Access to emergent surgical care has been identified as a crisis in the United States. To address this challenge, the American Association for Surgery of Trauma has developed a fellowship in acute care surgery (ACS) to reestablish broad-based surgical capabilities. But the viability of this new discipline will rest on the interests of the next generation of surgeons. The objective of this study was to determine key factors influencing the choice of surgical specialties among medical students with a focus on their interest in trauma/ACS (T/ACS).
An online questionnaire was distributed to students at four medical schools affiliated with Level I trauma centers, one of which also has an ACS fellowship. The survey was sent to medical students at all levels (first to fourth year). Students with an interest in surgery as a career were asked to complete the survey and rank factors and experiences influencing career selection on a scale of 1 (no influence) to 10 (critical). Students were also asked to select their top five surgical specialties.
Three hundred thirty-seven students interested in surgery responded. Mean age was 26 years ± 0.2 years (range, 20–37 years), 58% were men, and 86% were single. Respondents were distributed evenly over medical schools and medical school years. The three most popular career choices were orthopedics (16%), T/ACS (12%), and pediatric surgery (8%). As students progressed through medical school, lifestyle factors such as predictable hours and family time became more important in influencing their career choice. Overall, 115 students (34%) selected emergent surgery (T/ACS) as one of their top three career choices. Factors that were ranked significantly higher by students interested in T/ACS were related to professional satisfaction. These students also placed less emphasis on lifestyle factors when choosing a surgical career.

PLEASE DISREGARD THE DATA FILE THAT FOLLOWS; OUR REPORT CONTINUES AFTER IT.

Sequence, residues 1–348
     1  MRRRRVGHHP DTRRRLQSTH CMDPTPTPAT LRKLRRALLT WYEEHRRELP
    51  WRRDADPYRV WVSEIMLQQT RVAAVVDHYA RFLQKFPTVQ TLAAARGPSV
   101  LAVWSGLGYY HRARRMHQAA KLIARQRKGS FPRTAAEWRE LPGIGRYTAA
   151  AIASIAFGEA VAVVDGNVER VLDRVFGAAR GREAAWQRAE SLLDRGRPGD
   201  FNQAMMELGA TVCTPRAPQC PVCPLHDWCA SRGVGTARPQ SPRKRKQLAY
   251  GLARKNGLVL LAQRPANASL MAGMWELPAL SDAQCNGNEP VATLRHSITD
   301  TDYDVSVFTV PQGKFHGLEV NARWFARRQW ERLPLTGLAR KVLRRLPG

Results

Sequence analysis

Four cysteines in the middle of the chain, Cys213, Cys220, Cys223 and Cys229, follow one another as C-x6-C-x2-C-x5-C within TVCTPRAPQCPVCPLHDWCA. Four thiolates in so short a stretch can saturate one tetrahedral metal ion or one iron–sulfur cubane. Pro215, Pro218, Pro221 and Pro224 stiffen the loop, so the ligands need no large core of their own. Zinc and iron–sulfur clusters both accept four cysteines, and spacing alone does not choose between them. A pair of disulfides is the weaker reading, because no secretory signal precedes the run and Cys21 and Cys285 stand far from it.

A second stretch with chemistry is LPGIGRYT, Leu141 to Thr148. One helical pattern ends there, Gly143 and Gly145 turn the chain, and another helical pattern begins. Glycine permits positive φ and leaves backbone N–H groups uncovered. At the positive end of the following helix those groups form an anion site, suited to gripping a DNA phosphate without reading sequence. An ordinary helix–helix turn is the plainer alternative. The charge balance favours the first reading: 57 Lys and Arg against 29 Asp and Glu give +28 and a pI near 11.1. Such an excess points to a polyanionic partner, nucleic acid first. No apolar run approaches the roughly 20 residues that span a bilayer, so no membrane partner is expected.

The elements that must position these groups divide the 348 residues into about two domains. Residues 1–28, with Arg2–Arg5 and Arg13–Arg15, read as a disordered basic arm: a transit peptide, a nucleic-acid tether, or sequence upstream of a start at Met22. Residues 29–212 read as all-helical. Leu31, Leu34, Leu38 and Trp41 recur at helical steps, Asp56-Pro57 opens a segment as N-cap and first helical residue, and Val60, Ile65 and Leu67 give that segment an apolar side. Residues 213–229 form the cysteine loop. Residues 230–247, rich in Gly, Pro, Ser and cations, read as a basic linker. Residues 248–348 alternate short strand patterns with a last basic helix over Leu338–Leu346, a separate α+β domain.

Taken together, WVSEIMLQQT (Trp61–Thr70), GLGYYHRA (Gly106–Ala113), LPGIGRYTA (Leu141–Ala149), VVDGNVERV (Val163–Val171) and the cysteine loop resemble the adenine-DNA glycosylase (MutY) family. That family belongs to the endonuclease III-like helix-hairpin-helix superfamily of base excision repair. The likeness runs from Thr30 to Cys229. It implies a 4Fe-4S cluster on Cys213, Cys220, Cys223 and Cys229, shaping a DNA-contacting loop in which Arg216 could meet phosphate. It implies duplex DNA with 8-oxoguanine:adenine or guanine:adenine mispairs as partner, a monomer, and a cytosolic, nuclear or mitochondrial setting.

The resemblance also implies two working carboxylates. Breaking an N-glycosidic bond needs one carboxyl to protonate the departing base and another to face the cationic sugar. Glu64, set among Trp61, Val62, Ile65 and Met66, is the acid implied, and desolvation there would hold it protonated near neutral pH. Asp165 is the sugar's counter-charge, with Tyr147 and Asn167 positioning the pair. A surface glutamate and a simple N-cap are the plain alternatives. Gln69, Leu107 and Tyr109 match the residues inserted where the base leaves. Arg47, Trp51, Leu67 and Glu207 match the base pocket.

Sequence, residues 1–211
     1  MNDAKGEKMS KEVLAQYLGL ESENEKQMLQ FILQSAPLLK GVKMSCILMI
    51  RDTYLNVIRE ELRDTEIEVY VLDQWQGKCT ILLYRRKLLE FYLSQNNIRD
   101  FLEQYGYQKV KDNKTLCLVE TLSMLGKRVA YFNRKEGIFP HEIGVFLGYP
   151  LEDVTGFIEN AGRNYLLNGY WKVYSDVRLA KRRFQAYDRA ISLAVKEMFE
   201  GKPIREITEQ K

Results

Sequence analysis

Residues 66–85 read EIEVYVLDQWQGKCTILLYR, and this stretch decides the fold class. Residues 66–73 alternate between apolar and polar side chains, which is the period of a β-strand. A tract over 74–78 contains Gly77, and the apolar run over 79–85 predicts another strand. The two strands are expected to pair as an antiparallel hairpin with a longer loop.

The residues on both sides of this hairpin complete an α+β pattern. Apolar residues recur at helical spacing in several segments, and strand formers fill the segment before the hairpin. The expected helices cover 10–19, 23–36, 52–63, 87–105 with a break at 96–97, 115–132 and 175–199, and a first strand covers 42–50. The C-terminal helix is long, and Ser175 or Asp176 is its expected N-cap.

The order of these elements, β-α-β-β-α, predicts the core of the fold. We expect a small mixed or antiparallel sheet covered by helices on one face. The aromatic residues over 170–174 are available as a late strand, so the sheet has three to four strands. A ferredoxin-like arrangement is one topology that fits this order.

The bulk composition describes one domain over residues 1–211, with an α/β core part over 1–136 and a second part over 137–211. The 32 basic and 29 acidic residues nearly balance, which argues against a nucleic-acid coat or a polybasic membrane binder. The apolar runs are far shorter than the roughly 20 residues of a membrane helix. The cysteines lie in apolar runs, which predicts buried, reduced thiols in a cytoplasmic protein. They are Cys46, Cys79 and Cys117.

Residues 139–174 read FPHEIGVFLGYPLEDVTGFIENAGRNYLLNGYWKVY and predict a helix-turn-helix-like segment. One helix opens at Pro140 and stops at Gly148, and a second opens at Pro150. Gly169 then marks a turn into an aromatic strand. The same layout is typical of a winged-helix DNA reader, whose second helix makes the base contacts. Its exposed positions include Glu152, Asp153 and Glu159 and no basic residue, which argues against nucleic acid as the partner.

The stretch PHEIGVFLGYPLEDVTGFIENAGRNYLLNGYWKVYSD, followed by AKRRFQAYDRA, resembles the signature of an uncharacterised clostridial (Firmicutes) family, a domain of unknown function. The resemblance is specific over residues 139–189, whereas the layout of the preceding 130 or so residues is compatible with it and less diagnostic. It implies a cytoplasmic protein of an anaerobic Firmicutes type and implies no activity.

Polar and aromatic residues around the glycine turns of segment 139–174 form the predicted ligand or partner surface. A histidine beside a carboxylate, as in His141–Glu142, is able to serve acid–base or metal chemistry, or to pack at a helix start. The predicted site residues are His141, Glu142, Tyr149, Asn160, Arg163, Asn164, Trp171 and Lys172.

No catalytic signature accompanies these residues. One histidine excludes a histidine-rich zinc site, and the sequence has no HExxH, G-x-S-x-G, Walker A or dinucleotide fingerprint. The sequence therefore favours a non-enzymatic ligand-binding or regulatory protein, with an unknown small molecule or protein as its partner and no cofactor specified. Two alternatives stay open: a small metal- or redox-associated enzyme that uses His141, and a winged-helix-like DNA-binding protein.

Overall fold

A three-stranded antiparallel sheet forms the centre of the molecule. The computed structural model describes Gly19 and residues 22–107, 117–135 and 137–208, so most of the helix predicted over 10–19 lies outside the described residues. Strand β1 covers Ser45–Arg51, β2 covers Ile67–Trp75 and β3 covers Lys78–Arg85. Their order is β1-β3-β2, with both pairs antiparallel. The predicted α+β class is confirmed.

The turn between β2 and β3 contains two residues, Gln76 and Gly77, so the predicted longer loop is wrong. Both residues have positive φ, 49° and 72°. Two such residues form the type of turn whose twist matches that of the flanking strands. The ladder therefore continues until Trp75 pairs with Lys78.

Our results indicate that there is a reassuring interest to address the growing demand for emergency surgery among current medical students exposed to a broad range of T/ACS patients in Level I trauma centers. The T/ACS model is in accordance with the drives of these students looking for a diverse and challenging profession. Academic societies should make further efforts to encourage medical students to pursue T/ACS.
From the University of Vermont College of Medicine (H.B.M., T.E.S.), Burlington, Vermont; University of Colorado Denver School of Medicine (P.K.M., T.L.T., E.E.M.), Denver, Colorado; University of Pittsburgh College of Medicine (A.R.G., B.Z.), Pittsburgh, Pennsylvania; Department of Surgery (M.M.K., L.Z.K.), University of California San Francisco, San Francisco, California; University of California San Francisco College of Medicine (M.M.K.), San Francisco, California; Department of Surgery (A.S., E.E.M.), University of Colorado Denver, Denver, Colorado; and Department of Surgery (B.Z.), University of Pittsburgh, Pittsburgh, Pennsylvania.
Submitted: February 21, 2011, Revised: July 29, 2011, Accepted: October 5, 2011.
Presented at the 41st annual meeting of the Western Trauma Association, February 28–March 3, 2011, Big Sky, Montana.
Address for reprints: Ernest E. Moore, MD, Department of Surgery, University of Colorado Denver, Denver Health, 777 Bannock St, Denver, Colorado 80204; email: email@example.com.